Port Nelson, positioned at the top of New Zealand’s South Island at the head of Tasman Bay, has taken delivery of a Damen ASD Tug 2310. Named TōIA, which is Maori for ‘to pull’, she is the first new tug there for 32 years and represents a significant upgrade of capability. Jointly owned by the Nelson City Council and the Tasman District Council, Port Nelson is a vital hub for the regional economy and is investing in its infrastructure both ashore and afloat in anticipation of growth in the years ahead.
In recent years the port has been steadily receiving ever larger ships, with vessels of up to 248m becoming regular visitors. Port Nelson is also not the easiest harbour in which to manoeuver. At 4.5 metres, the tidal range is the largest to be found anywhere in New Zealand, and it creates strong currents. Added to that are strong winds that can come up suddenly from both the south and north.
“With 50 tonnes of bollard pull the new tug will see our safety margins being much improved on the bigger ships” commented Harbour Master Dave Duncan. “Now we’ve got the power we need to slow or stop even the larger vessels moving forward, and to pull or push them against strong winds and tides.”
The 23-metre tug was built at Damen Shipyards Changde in China and is the eighteenth to be built in the series. Modifications to the standard ASD 2310 design to meet the particular needs of Port Nelson included upgrading the bollard pull from 46 to 50 tonnes, and the fitting of Panama chocks through the stern plates. Damen also built and installed a gangway to a design provided by Port Nelson.
Prior to the order being placed in late 2015, Dave Duncan travelled to China during which he inspected a recently completed 2310. “This clearly demonstrated to us the quality of the yard and its vessels, and its high environmental standards,” he reports. “The fact that another 2310 that we saw in build at the yard was being constructed without an owner’s rep on site also gave us confidence that we would receive a quality product without needing to commit significant resources to overseeing the build, despite the distances involved. All the correspondence was professionally handled by the Damen project managers using emails and phone calls. This greatly eased the build process with the open and easy flow of information from Damen meaning that we did not need to send a permanent supervisor.”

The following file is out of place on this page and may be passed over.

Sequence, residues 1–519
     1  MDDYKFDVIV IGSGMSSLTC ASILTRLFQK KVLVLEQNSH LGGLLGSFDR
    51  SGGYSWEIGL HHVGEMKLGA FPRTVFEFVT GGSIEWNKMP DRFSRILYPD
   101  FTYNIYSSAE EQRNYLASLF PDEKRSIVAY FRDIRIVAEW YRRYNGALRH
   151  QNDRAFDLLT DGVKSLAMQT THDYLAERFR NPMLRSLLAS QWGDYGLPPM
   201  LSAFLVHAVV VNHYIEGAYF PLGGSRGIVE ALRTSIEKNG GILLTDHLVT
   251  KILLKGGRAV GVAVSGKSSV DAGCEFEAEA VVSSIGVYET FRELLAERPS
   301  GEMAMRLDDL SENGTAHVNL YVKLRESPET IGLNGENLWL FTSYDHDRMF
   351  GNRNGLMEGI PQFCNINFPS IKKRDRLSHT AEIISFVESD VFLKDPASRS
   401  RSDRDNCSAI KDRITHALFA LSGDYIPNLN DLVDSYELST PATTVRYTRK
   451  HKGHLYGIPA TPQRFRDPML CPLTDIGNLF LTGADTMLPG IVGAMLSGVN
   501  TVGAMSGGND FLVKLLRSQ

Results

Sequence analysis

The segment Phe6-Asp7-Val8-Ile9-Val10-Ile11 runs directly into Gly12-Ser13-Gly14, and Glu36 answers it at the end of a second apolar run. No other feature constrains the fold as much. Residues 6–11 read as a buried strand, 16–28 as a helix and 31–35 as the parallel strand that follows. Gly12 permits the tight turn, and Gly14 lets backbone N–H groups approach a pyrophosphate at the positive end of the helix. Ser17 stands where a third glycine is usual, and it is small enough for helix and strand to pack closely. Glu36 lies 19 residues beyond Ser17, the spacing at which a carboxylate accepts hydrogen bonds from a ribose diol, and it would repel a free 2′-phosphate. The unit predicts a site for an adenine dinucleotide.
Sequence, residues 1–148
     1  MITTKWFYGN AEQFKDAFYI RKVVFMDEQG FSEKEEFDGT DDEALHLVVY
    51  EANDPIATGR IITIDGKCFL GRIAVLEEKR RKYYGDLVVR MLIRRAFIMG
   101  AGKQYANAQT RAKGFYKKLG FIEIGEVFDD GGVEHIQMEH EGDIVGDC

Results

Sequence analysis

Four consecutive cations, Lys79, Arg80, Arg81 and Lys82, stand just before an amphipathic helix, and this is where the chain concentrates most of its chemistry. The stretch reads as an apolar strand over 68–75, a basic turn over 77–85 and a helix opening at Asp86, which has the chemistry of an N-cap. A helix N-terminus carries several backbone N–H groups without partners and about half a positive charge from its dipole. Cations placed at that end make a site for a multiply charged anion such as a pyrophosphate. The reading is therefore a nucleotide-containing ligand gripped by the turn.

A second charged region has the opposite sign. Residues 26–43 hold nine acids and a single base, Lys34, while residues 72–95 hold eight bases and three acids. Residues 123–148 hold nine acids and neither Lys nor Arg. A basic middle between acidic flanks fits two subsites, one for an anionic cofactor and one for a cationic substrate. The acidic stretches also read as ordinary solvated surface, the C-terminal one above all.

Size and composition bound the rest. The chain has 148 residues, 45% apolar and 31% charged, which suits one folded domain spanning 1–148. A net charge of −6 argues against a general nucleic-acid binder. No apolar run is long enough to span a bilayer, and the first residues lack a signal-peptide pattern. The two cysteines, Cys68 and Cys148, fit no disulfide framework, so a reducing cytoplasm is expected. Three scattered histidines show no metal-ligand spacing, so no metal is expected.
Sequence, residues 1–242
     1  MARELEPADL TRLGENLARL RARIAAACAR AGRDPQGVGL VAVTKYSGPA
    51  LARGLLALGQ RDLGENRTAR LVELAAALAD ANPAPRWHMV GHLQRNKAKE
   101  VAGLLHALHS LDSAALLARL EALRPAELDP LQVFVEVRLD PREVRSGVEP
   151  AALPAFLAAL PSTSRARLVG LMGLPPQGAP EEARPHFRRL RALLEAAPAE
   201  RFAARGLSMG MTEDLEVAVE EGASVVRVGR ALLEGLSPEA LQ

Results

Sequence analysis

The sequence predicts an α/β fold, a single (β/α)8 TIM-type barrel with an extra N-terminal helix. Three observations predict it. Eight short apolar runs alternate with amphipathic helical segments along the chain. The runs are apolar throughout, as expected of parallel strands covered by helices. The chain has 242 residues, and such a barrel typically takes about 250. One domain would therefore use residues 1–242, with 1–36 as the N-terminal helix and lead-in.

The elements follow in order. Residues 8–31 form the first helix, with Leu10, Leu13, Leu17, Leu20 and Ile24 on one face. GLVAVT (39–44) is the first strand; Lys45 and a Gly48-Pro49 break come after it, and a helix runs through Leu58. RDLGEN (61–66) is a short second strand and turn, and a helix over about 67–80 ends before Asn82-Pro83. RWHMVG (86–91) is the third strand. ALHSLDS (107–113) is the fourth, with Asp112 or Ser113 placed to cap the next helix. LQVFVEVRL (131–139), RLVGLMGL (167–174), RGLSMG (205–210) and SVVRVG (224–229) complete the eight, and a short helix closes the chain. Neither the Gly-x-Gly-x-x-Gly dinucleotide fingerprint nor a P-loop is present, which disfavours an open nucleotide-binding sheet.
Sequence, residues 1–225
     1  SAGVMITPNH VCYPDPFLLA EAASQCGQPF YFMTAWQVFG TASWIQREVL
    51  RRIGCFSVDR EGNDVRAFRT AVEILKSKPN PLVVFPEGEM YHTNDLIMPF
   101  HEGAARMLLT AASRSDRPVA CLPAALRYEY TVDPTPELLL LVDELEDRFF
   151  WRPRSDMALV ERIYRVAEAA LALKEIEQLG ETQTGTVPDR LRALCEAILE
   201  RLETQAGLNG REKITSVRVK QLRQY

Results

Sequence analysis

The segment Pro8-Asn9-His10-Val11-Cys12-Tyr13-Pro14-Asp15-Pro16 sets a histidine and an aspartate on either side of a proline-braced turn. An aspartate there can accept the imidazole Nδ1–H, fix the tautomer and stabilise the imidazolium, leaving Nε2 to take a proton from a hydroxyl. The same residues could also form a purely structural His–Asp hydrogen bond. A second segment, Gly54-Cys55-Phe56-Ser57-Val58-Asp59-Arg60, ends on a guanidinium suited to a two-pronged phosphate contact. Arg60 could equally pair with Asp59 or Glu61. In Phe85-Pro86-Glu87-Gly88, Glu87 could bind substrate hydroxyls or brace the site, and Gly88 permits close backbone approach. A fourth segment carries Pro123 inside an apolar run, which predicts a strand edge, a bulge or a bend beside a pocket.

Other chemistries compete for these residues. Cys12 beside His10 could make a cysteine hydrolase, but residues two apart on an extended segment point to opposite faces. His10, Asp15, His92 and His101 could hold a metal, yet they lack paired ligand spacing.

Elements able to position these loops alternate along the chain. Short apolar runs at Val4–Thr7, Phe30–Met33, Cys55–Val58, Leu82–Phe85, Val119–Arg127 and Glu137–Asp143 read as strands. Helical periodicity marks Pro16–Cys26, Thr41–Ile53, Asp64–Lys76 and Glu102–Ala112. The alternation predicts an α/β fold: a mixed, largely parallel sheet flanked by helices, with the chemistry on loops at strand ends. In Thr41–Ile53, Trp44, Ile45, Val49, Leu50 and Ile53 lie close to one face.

TōIA travelled the 7,280nm from Changde to Port Nelson distance on her own hull with a Dutch crew aboard and entered the harbor escorted by existing Port Nelson tugs the Huria Matenga and WH Parr together with three Waka Ama boats (large canoes with outriggers) crewed by volunteers from the Mahitahi Outrigger Canoe Club.
“This means we are good for another 30 years, judging by how we have maintained our other tugboats,” Dave concluded. “We are all very pleased with our new tug, how it operates and what we can achieve with it. The quality of the finish impresses everyone who sees it for the first time.”
Damen’s focus on standardisation, modular construction and keeping vessels in stock leads to short delivery times, low ‘total cost of ownership’, high resale values and reliable performance. Furthermore, Damen vessels are based on thorough R&D and proven technology.
Damen offers a wide range of products, including tugs, workboats, naval and patrol vessels, high speed craft, cargo vessels, dredgers, vessels for the offshore industry, ferries, pontoons and superyachts.
For nearly all vessel types Damen offers a broad range of services, including maintenance, spare parts delivery, training and the transfer of (shipbuilding) know-how. Damen also offers a variety of marine components, such as nozzles, rudders, anchors, anchor chains and steel works.
In addition to ship design and shipbuilding, Damen Shiprepair & Conversion has a worldwide network of 16 repair and conversion yards with dry docks ranging up to 420 x 80 metres. Conversion projects range from adapting vessels to today’s requirements and regulations to the complete conversion of large offshore structures. DSC completes around 1,500 repair and maintenance jobs annually.